Today, October 2, is the feast of the Holy Guardian Angels.
Angel of God, my guardian dear, to whom God’s love commits me here: ever this day be at my side to light and guard, to rule and guide. Amen.
Many folks learned this prayer as a child; some of us learned it later. If you haven’t learned it yet, LEARN IT! And say it often.
The bishop who ordained me priest (and our current bishop), Robert J. Baker, was installed as bishop of the Diocese of Birmingham in Alabama on this day in 2007. Bishop Baker has a special devotion to the Guardian Angels and, as I recall, spoke about it in his installation homily.
Belief in the guardian angels has always been held and taught by the Church. Concerning where such a belief is to be found in the Bible, I found Fr. George Rutler’s latest “Pastor’s Column” helpful in this regard, and reproduce it here:
The Feast of the Archangels, Michael, Gabriel and Raphael on September 29, is quickly followed by the Feast of the Guardian Angels on October 2. Here we get into a deep science: not the natural science which increasingly is opening up the wonders of the physical universe, but rather the higher science of perfect spirits and incalculable intelligences, whose lowest “choirs” are the angels and archangels. Unlike natural science, this knowledge comes not from observation but from revelation. We use reason to acknowledge that there are wonders beyond our ability to reason, and that includes angels who have no need of reason because they are pure intellects.
Angels are creatures, but existed before the first man (Colossians 1:15-16). They are subject to Christ (1 Peter 3:21-22). They enjoy the constant presence of God (Luke 1:18-19). They are numerous beyond human calculation, and so they are described as thousands upon thousands, or myriads, since Hebrew has no word for “millions.” (Hebrews 12:22-23). They know God’s will but do not know all its details (Matthew 24:35-36). Angels are multi-lingual (1 Corinthians 4:9) and patrol the earth (Zechariah1:10-11). Although Christ is divine, he can appear as an angel (Hosea 12:4-5). Angels can appear as winds and fire (Hebrews 1:7) and they rejoice when we go to Confession (Luke 15:9-20). Scripture never says that they have halos, and only seraphim and cherubim are described as having wings, so we would probably not recognize an angel if we saw one. They are astonishingly strong, so that one was able to slay 185,000 Assyrians. They want to comfort us (Matthew 28:1-7) and do not want us to give them the worship which is due to God alone (Colossians 2:18-19). Jesus had power to invoke 72,000 of them (twelve legions) had he wanted to avoid crucifixion, but he did not (Matthew 26:52-53). At the end of the created universe they will accompany Jesus in the Final Judgment (Matthew 25:31).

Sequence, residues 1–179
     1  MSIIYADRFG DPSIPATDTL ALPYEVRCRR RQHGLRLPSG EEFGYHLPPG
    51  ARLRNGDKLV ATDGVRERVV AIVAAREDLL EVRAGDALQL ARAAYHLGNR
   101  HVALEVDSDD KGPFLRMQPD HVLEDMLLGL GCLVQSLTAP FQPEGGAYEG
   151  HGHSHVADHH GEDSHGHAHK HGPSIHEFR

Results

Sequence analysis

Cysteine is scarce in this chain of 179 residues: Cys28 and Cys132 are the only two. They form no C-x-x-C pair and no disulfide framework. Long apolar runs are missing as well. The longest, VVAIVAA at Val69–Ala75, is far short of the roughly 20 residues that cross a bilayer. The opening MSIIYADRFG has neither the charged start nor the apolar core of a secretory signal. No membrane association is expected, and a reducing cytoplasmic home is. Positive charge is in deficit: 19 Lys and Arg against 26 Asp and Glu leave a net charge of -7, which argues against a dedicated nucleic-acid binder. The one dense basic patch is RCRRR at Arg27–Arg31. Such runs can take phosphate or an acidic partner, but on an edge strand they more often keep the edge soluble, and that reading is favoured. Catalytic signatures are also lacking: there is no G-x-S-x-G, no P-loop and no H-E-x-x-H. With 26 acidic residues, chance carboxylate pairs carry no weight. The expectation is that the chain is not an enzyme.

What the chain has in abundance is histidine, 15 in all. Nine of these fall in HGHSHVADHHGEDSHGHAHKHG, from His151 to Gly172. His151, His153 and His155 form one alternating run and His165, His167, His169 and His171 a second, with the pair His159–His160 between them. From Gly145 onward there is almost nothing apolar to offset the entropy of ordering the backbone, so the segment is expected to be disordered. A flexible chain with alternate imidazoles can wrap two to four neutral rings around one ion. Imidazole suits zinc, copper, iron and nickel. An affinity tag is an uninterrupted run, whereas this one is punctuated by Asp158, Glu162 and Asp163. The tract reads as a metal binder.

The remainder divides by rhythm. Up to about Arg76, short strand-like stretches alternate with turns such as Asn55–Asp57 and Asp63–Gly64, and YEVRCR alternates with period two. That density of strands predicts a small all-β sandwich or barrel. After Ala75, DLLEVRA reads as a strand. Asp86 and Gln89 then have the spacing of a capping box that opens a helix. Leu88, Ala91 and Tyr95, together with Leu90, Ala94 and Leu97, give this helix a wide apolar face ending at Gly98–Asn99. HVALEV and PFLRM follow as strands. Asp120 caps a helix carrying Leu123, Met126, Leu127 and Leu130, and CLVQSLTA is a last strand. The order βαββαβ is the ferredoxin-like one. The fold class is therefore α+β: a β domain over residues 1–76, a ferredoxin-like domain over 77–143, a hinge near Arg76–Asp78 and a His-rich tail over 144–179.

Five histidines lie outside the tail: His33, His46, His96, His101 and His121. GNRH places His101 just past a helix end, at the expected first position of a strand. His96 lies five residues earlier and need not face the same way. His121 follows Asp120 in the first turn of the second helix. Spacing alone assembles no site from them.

As angels have no bodies, they have no size, and so they care for everyone equally, regardless of size or age or worldly importance. Jesus said that the littlest human body has a guardian angel in heaven (Matthew 18:10). In each of us the guardian angels see their Lord and our Lord. So Pope Francis said on September 20: “Every child that isn’t born, but is unjustly condemned to be aborted, has the face of Jesus Christ.”
St. Pius of Pietrelcina (Padre Pio) wrote to a young girl: “Never say you are alone in sustaining the battle against your enemies. Never say you have nobody to whom you can open up and confide. You would do this heavenly messenger a grave wrong.”
(Fr. Rutler is pastor of the Church of St. Michael in New York City, and is the author of several books. I did email requesting permission to post his text, and have not heard back from him as of this posting, but will remove it if he objects.)